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## Connected components problem

Given n nodes label from `0` to `n - 1` and a list of undirected edges (each edge is a pair of nodes), write a function to find the number of connected components in an undirected graph:

You can assume that no duplicate edges will appear in edges. Since all edges are undirected, [0,1] is the same as [1,0] and thus will not appear together in edges.

This problem can be easily be solved by a special data structure called Union Find.

## Union Find Data Structure

Union Find data structure supports two operations:

• Connected(a, b): it tells you whether element `a` and element `b` in this graph are connected.
• Union(a, b): it connected a and b.

We are able to solve the connected components problem by reusing the ideas used in Union Find data structure. Let’s first take a look how Union Find data structure is implemented.

Well, there are multiple ways to implement Union find and let’s assume We use array to represent the nodes.

Then we have to think about the following questions:

How do we know if two nodes are in one components?

We can use an array to track the components:`five nodes: [0,1,2,3,4]`. Then we can think of the connected components as tree and the way to check if two components are in one connected components is too look at the root of the two nodes.

``````private int[] id;
public void UF(int n) {
id = new int[n];
for (int i = 0; i < n; i++) {
id[i] = i;
}
}

private int root(int i) {
while (i != id[i]) {
i = id[i];
}
return i;
}

public connected(int a, int b) {
return root(a) == root(b);
}``````

How do we connected multiple components into one?

As introduced above, we can view a connected components as a tree and the way to connected two tree is to attach the root of one tree to another tree. But we naturally have the same problem as trees: what if the tree is severely skewed, then the tree becomes a list and time complexity of tracing back to the root becomes `n`. And the way to solve this problem, we can use a balanced manner to construct the tree:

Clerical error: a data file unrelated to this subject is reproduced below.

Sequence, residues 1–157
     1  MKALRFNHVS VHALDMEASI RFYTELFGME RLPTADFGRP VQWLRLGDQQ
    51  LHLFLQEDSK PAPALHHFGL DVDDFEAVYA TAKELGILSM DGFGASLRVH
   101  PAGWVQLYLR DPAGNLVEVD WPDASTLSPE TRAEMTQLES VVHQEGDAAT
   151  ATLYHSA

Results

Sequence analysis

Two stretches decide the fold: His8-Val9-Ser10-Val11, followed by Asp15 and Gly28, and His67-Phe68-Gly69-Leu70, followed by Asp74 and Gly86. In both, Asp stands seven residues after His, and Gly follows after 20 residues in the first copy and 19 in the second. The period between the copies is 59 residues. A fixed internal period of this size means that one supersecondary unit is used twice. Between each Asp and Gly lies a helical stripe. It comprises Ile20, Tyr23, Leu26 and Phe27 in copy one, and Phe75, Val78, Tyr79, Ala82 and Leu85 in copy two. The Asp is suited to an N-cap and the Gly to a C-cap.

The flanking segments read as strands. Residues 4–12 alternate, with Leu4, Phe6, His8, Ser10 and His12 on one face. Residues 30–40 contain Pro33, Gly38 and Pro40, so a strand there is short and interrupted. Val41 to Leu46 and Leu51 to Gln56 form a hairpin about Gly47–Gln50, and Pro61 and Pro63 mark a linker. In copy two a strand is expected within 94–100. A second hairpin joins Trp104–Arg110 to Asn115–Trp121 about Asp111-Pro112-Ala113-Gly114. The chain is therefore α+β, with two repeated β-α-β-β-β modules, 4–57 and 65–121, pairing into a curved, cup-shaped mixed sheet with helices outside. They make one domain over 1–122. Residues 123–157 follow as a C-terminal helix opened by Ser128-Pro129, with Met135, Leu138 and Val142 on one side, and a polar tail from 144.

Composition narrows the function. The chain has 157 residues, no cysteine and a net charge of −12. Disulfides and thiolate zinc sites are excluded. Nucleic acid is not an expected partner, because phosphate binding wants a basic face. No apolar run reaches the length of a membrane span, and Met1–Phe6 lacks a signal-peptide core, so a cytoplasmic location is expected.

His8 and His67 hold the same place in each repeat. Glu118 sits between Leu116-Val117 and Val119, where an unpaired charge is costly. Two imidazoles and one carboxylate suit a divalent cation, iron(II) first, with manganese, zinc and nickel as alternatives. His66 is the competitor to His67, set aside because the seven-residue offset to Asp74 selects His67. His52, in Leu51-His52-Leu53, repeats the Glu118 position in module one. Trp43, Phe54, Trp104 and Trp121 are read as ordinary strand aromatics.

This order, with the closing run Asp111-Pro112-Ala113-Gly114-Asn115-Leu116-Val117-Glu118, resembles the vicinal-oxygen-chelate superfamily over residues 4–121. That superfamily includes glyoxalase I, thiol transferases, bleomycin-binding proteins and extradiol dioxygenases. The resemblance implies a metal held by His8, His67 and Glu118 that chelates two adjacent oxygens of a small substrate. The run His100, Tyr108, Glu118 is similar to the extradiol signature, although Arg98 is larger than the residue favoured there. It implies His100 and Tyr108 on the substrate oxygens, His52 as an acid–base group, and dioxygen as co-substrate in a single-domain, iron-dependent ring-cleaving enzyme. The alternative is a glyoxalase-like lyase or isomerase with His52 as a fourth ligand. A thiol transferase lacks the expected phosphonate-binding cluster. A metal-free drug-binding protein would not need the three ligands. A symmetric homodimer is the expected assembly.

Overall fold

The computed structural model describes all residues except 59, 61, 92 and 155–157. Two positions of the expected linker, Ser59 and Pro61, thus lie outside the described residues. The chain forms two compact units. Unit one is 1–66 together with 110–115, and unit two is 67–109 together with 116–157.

• Always attach the smaller tree to the larger tree.

We use another array `sz[]` to track the size of each tree, which is the number of nodes in each tree.

``````private int[] sz;
public void UF(int n) {
id = new int[n];
sz = new int[sz];
for (int i = 0; i < n; i++) {
id[i] = i;
sz[i] = 1;
}
}

}
public void union(int a, int b) {
int i = root(a);
int j = root(b);
if (i == j) {
return;
}
if (sz[i] < sz[j]) {
id[i] = j;
sz[j] += sz[i];
} else {
id[j] = i;
sz[i] += sz[j];
}
}``````

Except for attaching one tree to another in a balanced manner, we can also do a path compression to make the tree as flat as possible. To compress the path, we only need to `connect the current node to its grandparent when its parent is not root`.

``````private int root(int i) {
while (i != id[i]) {
// connect the node to its grandparent
id[i] = id[id[i]];
i = id[i];
}
return i;
}``````

With the data structure we have the solution to the connected components problem ready:

``````public int countComponents(int n, int[][] edges) {
int[] roots = new int[n];
int[] size = new int[n];

for (int i = 0; i<n; i++) {
roots[i] = i;
size[i] = 1;
}

for (int[] edge: edges) {
int root1 = find(roots, edge);
int root2 = find(roots, edge);
if (root1 != root2) {
// union in a balanced manner
if (size[root1]<size[root2]) {
roots[root1] = root2;
size[root2] += size[root1];
} else {
roots[root1] = root2;
size[root1] += size[root2];
}
n--;
}
}
return n;
}

public int find(int[] roots, int id) {
while (roots[id] != id) {
// path compression: connect to the grandparent.
roots[id] = roots[root[id]];
id = roots[id];
}
return id;
}``````